• Stiffness and feeling pain to fully bend the knee.

Any injury or trauma to the knee joint or its ligaments or attached muscle may cause severe pain, swelling, and inability to move the knee.

You may be puzzled by so much information. With so many diseases, signs and symptoms, it’s hard to determine your very own problem. So here we’re making it easier for you. 

Separating those diseases and conditions according to the site of your knee joint and sign and symptom.

Now you can scroll to the sign and symptoms that match you and read out the possible causes.

 

Pain behind your knee pain when bending

The pain behind your knee is possible because of;

  • Hamstring tendonitis
  • Baker’s cyst
  • Knee injury or trauma

Very sharp pain in your knee when you are bending

The sharp pain in your knee is possibly because of;

  • Torn one or more ligament
  • Any fracture in the knee or patella
  • Degenerative diseases such as osteoarthritis
  • Patellar (knee cap) tendonitis

Pain above the patella (kneecap) when you are bending

If you hurt above your knee when you are bending, possibly because of;

  • Quadriceps tendonitis(“itis” means irritation)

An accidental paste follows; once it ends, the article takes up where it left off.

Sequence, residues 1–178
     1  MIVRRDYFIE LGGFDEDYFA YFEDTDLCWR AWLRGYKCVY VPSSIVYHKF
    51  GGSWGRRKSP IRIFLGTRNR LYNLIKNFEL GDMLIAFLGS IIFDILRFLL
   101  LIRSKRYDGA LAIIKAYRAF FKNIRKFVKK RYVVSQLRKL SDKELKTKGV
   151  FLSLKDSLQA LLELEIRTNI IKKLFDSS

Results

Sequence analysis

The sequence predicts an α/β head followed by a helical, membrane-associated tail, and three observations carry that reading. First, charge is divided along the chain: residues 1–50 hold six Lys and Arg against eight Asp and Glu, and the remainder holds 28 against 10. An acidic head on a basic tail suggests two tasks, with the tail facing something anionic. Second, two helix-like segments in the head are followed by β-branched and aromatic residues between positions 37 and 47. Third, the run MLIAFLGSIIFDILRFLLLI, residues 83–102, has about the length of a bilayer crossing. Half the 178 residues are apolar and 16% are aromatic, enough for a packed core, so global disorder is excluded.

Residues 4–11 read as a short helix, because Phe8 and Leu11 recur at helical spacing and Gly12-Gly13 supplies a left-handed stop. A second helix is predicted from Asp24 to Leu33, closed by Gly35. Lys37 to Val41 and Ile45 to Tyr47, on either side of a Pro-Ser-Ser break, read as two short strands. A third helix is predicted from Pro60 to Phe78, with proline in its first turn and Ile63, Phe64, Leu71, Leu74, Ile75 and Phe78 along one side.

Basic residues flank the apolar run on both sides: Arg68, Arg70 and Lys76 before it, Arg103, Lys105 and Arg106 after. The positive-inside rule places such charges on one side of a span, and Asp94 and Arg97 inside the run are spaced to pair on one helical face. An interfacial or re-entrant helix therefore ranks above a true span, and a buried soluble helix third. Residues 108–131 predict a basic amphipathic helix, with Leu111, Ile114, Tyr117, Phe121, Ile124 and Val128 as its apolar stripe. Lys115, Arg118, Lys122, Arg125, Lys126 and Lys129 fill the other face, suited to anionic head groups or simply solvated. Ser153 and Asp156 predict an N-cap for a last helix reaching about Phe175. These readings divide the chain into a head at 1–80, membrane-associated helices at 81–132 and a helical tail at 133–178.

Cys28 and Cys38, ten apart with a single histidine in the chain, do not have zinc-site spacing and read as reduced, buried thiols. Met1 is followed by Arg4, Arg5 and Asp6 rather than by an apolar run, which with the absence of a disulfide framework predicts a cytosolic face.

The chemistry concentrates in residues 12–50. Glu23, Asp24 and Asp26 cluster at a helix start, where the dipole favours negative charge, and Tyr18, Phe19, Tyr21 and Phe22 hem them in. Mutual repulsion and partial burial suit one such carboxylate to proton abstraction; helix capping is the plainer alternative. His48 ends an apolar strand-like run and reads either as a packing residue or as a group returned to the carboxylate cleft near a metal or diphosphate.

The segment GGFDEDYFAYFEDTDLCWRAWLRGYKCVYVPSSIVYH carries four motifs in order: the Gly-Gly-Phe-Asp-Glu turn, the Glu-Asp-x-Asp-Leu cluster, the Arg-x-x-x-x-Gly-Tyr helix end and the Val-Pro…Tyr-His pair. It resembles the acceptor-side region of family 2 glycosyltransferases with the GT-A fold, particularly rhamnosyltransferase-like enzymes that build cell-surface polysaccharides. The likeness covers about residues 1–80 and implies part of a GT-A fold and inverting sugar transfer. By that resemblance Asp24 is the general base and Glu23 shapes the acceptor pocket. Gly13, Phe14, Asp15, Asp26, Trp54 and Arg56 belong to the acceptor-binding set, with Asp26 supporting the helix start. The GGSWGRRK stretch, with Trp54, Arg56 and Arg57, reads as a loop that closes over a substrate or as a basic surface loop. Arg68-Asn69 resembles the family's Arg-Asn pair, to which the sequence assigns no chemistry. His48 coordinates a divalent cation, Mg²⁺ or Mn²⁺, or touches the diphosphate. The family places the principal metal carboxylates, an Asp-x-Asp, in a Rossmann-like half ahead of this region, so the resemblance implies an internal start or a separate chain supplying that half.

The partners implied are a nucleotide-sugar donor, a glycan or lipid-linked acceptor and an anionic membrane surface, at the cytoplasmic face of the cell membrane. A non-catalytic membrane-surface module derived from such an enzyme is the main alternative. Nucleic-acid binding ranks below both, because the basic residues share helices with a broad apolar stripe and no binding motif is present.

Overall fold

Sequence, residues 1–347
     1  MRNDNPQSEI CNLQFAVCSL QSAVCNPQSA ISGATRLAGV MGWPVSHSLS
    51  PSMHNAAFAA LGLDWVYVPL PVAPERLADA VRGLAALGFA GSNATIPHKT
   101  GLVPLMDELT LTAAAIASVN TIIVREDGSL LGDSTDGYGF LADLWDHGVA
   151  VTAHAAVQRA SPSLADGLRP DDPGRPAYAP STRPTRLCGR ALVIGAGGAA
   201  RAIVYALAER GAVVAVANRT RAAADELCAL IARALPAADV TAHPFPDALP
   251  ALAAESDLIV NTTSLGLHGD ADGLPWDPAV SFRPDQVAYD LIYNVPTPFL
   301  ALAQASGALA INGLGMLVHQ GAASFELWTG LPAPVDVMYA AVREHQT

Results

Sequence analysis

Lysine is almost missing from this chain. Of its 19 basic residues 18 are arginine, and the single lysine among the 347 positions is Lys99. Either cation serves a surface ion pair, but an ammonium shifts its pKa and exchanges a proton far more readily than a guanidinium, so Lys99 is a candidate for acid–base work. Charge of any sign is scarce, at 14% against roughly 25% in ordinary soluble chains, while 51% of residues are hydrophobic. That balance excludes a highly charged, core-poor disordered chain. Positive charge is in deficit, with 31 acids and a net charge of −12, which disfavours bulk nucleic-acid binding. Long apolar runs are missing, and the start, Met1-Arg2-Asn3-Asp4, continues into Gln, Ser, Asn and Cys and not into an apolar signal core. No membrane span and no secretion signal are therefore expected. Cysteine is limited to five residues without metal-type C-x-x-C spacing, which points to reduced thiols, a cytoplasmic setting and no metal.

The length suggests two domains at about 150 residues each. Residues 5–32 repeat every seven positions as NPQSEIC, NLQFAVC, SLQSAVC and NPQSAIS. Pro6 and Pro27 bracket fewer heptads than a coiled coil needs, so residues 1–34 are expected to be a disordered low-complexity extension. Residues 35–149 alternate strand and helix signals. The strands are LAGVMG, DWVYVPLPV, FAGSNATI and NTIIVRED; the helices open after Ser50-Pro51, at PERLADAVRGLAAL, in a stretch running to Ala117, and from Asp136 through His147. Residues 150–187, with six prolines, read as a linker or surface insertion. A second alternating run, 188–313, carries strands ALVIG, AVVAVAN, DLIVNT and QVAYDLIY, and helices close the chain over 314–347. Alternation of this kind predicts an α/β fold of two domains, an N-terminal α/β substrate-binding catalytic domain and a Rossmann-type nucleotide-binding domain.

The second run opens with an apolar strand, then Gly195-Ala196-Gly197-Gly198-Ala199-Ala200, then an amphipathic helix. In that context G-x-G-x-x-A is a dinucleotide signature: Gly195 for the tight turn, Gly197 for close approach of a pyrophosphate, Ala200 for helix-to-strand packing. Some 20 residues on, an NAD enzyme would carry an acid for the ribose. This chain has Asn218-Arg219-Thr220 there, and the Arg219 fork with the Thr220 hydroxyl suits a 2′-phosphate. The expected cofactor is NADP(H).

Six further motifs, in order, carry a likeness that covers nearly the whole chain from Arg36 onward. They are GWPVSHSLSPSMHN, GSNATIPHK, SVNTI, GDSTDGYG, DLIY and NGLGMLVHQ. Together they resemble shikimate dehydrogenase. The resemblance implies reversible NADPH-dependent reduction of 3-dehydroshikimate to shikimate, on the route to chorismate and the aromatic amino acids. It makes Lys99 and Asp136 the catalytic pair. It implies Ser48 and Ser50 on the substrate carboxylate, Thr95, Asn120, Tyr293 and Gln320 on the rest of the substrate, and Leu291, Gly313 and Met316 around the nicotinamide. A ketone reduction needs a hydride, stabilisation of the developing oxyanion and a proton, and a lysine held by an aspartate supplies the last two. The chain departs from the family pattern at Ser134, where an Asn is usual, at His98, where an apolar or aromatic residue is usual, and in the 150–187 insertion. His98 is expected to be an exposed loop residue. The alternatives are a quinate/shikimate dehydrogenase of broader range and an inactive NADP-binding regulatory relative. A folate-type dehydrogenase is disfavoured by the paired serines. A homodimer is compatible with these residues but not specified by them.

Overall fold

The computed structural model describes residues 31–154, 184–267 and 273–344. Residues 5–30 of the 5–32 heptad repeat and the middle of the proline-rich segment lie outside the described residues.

• Degenerative diseases such as;
  • Osteoarthritis
  • Knee bursitis (housemaid’s knee)

Pain in front of your kneecap when bending

Pain in the front of your patella (kneecap) possibly due to;

  • Patellofemoral syndrome
  • Patellar tendonitis & quadriceps tendonitis
  • Knee bursitis
  • Fracture in patella

 

Home Remedy 

If you are experiencing mild to moderate pain when bending the knee, you may follow the following remedies to get some relief. 

Rice method 

RICE method is a classic first aid method. 

Most of us read this in high school biology and biological studies. As soon as possible after an injury, such as a knee, ankle, shoulder, or any bone injury, you can relieve pain and swelling and promote healing with RICE.

Rice is an acronym for Rest, Ice, Compression, and Elevation.

Rest: Rest and protect the injured or painful knee area. Take a break from any activity that may be causing pain or soreness in the knee. Don’t put any weight in the sore area.

Ice: Cold will reduce pain and swelling. You may have seen applying cool spray on an athlete’s injury or sore area. Apply an ice or cold pack right away to prevent or minimize swelling and pain.

Apply the ice or cold pack for 10 to 20 minutes straight, three or more times a day. If swelling is gone after 48 to 72 hours, don’t forget to apply heat to the area that hurts.

Do not apply ice or heat directly to the skin; it will worsen the situation. Instead, place a towel over the cold or heat pack before applying it.